Inga, thanks a lot for your reply and your kind words about my capacity to defend myself. Well, one is only ever as good as ones last fight, and it would be rash of me to suppose that there might not have been some luck involved on both occasions. On the other hand, my belief in T'ai Chi is very strong, and I really believe that that belief is the absolute foundation for successful practice and implementation of it: even if one cannot readily believe all the miracles claimed for it, one should at the very least be readily 'willingly to suspend disbelief
'. Not replying to your points in any particular order, on the question of physique, I would again quote from Yang Lu Chan who said:
Sizing Up an Opponent
When squaring off with an opponent, first observe whether his physique is great or small. If it is great, then he must have considerable brute strength, and I should respond with superior skill. If he is of slight build, then he will be skillful, and I must attack with power. In this way, I overcome the weak with strength and the mighty with cleverness. Regardless of size, if my opponent adopts high postures, then I must make use of low postures; if he adopts low postures, then I must make use of high ones. This is the method of high and low, yin and yang ...
To return to 'knockouts', I still think that they should only be used when necessary, but I suppose that the word 'necessary' might have a different meaning to different individuals, according to temperament and training, even under the same circumstances. Personally, I'm a bit squeamish about hitting people. Whether that's a fault in me, I really wouldn't know, but it's the case, so partly out of temperament and partly because Tai Chi is primarily defensive (in my view), I have tended just to defend when assaulted, though as I've mentioned, in London I had to go on the offensive eventually. This wasn't a question of 'slugging it out'; or rather, it was from their point of view, but not from mine, as I just parried and blocked. None of them on the second occasion I mentioned came to any injury. I had a bruise on my head as a result of being kicked there when I fell over, but I blocked everything else after I stood up again. As for the other occasion, in London, yes, I might have injured the person against whom I used elbow strike. Rather than come to any hard and fast conclusions - I am sure this subject will 'run and run' -, I would like to figure a hypothetical example. Suppose I'm in a supermarket. I'm a man, of course, but a woman thinks I have butted in in front of her in the queue. She's a bit pyschotic, obviously, and starts flying at me with hands and feet, punches and kicks. Should I deal her a knockout blow to end the confrontation, or should I try to content myself with parrying and blocking? Well, if the answer is that of course, she's a woman and I'm a man and therefore I shouldn't knock her out, I would reply that that proposition is sexist, and that what is 'sauce for the goose is sauce for the gander', and that accordingly, if I am not entitled to knock out a woman, then neither am I entitled to knock out a man ..... Kind regards, T.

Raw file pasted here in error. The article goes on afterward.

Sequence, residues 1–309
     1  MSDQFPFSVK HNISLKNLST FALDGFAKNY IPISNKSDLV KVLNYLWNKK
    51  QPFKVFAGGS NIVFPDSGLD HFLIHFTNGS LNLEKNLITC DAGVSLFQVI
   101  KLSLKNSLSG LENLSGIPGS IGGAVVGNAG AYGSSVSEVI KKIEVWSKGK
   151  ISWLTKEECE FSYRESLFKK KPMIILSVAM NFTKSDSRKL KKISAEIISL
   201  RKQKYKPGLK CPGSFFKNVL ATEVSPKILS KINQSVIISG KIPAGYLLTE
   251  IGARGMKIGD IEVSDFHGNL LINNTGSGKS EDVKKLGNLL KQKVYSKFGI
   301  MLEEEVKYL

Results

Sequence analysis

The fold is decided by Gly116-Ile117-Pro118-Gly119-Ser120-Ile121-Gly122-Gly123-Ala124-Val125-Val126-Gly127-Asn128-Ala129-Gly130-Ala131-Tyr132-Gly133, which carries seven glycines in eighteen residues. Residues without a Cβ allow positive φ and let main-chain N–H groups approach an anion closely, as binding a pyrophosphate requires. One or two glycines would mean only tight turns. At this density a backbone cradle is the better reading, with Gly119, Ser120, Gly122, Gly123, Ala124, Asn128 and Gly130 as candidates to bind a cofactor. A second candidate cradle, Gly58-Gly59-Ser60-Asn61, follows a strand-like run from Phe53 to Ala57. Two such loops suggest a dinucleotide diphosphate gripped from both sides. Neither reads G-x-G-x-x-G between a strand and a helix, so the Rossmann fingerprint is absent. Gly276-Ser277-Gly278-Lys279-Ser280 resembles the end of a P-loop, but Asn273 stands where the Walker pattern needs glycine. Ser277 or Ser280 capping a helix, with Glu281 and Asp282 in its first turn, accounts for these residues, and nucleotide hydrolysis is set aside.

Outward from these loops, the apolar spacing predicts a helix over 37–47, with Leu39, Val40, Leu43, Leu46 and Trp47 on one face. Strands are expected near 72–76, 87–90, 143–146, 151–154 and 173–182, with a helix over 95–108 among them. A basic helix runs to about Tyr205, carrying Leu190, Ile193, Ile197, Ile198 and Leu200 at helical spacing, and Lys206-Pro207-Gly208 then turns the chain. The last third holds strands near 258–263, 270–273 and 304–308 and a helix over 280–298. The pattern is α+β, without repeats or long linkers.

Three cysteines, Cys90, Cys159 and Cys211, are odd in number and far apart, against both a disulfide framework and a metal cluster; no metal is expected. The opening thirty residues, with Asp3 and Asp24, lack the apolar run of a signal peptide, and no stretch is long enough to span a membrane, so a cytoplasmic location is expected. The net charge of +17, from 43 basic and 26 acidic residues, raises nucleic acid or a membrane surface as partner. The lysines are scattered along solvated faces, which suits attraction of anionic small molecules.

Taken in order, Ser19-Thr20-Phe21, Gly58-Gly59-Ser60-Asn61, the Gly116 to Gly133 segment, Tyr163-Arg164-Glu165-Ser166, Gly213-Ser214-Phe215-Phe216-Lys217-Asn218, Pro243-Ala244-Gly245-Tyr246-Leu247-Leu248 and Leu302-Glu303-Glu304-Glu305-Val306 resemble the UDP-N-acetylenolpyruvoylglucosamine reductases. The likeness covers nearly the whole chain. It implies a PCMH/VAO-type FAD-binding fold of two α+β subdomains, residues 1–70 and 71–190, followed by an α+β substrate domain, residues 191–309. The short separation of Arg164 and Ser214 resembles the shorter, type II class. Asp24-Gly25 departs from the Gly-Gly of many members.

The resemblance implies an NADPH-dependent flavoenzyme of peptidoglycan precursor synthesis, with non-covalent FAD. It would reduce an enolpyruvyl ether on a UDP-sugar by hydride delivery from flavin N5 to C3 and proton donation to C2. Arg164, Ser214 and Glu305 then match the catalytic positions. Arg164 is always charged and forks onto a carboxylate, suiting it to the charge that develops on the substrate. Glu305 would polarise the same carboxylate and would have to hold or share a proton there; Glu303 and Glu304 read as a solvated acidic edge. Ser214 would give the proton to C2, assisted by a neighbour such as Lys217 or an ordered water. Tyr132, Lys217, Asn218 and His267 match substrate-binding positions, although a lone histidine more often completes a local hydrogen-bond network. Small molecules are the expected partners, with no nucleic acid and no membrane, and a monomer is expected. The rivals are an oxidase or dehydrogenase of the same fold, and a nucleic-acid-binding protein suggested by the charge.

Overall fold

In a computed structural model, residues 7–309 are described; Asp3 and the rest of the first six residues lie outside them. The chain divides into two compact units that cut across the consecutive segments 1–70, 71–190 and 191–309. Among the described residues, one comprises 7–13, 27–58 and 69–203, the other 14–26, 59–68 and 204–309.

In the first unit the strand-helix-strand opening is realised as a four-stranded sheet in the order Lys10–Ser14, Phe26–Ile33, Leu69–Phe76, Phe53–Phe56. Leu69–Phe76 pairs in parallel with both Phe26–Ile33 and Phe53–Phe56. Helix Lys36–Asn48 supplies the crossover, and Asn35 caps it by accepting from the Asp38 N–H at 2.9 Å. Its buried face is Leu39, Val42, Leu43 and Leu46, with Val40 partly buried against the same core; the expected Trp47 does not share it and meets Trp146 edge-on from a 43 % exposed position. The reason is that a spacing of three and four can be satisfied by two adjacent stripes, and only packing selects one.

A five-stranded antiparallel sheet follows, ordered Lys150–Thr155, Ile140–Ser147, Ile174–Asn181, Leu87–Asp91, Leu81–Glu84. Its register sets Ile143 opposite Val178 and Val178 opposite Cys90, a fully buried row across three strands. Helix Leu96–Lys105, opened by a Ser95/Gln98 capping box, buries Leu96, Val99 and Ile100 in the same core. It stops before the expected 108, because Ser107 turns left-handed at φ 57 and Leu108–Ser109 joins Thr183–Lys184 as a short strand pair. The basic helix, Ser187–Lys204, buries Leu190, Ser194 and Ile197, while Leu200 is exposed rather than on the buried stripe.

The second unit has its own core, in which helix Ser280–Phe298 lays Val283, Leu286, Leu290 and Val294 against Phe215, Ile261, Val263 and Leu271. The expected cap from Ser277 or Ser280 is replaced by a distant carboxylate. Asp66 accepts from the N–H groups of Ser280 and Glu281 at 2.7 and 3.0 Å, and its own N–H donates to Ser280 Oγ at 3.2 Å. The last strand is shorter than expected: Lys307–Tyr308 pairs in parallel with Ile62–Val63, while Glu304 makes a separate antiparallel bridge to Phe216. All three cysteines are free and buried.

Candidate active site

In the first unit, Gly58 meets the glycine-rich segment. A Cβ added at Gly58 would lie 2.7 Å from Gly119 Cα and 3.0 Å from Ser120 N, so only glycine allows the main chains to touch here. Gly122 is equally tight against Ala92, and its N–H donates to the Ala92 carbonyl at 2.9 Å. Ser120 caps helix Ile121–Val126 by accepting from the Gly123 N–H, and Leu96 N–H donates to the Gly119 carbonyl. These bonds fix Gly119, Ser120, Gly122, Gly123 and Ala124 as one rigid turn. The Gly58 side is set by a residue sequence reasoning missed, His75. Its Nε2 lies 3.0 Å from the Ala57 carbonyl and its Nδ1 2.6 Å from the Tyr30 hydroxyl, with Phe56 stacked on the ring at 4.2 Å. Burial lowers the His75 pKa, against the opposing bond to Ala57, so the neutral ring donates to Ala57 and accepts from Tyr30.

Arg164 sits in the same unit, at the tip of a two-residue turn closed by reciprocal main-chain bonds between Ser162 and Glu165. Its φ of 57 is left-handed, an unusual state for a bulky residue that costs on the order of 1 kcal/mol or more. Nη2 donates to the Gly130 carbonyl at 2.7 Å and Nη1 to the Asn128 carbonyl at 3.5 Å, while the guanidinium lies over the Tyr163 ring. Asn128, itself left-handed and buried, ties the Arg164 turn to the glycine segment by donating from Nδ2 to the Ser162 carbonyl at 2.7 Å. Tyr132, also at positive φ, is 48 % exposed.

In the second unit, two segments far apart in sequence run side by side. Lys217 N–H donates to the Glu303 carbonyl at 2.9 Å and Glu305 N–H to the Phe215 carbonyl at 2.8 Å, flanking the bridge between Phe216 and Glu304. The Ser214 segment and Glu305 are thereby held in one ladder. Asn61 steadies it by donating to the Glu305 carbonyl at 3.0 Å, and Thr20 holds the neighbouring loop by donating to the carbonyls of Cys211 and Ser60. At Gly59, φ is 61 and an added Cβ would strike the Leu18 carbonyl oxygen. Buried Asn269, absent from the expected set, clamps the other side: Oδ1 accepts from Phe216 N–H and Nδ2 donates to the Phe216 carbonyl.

'Have patience with everything unresolved in your heart and try to love the questions. Live the questions now. You will gradually, without even noticing it, live your way into the answer.' Rainer Maria Rilke.